Naperville Unit District 203 school board members who are considering whether to keep or return to taxpayers about $3 million in property taxes heard more from administrators Monday about proposed uses for the funds.
One plan would be to keep the money and use it to help pay off early a $10 million loan the district took out in 2008, which would avoid annual interest payments of $400,000 a year, Chief Financial Officer Brad Cauffman said.
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But a second plan, if early repayment of the loan cannot be worked out, would be to keep the tax money and use it to fund capital improvements to schools as spelled out in a facilities master plan the district is developing.
The facilities plan, which Superintendent Dan Bridges said will set new standards for topics such as security at school entrances and classroom specifications, is expected to be before the board in May.
Cauffman and Bridges said the citizens' finance advisory committee supports the move to keep the $3 million in taxes -- as long as it goes toward paying down debt or making improvements to schools.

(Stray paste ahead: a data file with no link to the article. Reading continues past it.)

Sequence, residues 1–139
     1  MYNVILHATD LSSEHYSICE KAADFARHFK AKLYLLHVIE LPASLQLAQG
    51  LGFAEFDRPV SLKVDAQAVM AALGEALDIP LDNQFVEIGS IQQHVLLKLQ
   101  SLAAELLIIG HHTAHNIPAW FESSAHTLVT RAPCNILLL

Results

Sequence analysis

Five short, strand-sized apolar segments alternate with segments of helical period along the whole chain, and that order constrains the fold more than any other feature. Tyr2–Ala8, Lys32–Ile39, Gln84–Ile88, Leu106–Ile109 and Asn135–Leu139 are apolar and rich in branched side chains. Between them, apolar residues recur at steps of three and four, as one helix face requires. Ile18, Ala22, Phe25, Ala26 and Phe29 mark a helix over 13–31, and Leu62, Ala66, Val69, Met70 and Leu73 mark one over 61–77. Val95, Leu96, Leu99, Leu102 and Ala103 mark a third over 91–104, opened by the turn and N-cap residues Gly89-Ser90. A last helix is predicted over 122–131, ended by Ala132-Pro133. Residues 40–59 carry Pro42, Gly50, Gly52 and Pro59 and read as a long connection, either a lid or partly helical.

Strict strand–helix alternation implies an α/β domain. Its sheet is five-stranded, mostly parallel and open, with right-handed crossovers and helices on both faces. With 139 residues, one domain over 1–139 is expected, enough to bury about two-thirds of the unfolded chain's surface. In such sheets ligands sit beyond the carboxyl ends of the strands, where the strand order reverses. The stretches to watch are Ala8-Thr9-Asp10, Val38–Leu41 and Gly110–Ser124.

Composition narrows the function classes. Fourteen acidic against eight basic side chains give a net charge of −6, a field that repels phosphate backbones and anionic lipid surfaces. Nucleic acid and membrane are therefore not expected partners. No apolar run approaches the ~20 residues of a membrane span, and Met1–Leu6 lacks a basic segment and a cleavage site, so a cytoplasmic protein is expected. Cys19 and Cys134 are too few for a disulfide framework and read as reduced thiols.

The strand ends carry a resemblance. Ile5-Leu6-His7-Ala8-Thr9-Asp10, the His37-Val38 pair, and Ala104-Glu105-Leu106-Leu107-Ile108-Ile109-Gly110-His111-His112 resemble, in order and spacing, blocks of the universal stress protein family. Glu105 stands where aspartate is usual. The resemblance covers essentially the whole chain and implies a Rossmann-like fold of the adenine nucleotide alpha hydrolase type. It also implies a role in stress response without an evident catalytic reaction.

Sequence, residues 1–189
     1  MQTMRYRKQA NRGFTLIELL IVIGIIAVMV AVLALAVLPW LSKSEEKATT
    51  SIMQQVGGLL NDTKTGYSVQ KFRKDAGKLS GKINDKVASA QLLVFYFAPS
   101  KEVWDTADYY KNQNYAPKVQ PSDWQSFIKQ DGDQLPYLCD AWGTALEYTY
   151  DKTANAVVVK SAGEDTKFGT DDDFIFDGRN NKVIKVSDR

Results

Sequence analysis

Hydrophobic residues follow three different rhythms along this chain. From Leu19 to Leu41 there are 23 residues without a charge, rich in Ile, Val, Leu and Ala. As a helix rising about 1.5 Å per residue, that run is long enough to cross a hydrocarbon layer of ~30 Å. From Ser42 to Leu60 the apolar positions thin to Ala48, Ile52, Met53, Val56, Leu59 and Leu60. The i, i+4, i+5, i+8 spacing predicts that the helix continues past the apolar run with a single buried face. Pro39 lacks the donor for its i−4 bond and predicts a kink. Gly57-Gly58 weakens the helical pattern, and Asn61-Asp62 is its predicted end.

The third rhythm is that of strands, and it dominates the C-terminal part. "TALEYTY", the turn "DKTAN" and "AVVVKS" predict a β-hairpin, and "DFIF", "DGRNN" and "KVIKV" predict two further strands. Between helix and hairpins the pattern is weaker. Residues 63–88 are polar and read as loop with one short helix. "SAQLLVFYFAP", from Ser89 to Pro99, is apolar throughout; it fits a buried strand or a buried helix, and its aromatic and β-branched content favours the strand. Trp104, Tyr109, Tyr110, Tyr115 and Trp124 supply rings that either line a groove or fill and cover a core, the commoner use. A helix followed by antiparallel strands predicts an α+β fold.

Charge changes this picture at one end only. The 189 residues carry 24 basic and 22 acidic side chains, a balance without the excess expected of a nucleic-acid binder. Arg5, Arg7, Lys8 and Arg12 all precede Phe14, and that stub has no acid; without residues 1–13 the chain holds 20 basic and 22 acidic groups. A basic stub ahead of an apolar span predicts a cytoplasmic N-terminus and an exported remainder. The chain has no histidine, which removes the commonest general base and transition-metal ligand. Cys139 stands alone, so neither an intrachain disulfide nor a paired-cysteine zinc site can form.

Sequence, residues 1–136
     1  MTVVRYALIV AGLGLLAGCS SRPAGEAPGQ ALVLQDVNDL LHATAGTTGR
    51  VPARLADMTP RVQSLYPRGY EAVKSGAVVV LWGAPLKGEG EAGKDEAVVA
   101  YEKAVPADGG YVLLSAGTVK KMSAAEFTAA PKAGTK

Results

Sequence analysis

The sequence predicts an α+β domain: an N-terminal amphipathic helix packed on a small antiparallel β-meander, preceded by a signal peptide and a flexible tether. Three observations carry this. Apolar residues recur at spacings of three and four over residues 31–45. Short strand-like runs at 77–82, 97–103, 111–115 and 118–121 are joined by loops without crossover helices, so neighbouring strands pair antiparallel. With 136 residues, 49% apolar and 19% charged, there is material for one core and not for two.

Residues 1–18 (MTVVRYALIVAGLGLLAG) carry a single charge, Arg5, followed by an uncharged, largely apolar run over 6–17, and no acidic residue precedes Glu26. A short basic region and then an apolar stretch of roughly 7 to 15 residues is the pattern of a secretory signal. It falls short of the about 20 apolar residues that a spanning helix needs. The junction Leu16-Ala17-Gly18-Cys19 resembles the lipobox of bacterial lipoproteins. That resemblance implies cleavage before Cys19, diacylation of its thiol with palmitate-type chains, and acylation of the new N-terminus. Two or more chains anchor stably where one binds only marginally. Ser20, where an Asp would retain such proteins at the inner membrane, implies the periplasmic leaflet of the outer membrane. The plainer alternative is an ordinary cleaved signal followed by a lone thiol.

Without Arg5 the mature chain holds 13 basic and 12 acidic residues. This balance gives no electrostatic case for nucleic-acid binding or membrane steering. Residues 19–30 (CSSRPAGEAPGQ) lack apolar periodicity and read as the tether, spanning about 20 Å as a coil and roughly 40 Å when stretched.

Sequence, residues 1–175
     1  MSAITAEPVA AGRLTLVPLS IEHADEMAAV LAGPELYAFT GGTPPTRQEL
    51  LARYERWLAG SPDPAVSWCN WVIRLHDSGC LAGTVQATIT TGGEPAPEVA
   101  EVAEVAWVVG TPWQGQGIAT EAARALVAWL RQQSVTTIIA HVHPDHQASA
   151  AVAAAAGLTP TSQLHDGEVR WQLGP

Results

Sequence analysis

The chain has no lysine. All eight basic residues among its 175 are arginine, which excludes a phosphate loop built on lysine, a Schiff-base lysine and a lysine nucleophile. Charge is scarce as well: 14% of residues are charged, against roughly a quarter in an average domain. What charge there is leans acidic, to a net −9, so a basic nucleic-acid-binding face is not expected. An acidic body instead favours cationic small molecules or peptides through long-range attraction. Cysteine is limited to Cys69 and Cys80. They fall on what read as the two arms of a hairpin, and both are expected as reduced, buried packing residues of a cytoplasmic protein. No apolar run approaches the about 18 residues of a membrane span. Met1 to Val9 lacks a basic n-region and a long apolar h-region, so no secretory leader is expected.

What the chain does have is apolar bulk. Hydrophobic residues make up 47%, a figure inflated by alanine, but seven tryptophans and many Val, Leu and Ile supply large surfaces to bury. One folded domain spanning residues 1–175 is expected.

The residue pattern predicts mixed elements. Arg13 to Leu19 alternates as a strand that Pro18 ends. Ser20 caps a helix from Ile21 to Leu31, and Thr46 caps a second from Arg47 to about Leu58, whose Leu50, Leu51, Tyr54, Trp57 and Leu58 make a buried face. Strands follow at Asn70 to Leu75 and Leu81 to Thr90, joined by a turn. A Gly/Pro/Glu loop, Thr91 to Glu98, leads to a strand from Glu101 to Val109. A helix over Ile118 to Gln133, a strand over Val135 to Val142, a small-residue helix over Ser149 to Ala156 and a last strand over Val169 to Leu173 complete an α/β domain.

"I'm a big proponent of putting money back into the facilities because that just pays dividends moving forward," board member Terry Fielden said.
If the district votes to keep the tax money instead of refunding it, the owner of a $375,000 house would not be refunded about $95, Cauffman said.
The district has refunded this portion of its tax levy to property owners four out of the past five years. The tax has existed since voters approved the district's borrowing of $10 million in 2008 and $33 million in 2009.
The 2009 loan cannot be paid back early. But the district is investigating ways to pay off the 2008 loan ahead of schedule.
If early repayment cannot be worked out, the 2008 loan will cost the district a total of $17.29 million. That's why administrators are recommending the board keep the $3 million in taxes and use it to cover about one-third of the cost of repaying the 2008 loan early.
"That's the best use of those resources for our community," board President Jackie Romberg said.
The board is expected to vote on whether to keep or refund the taxes during its next meeting on March 17.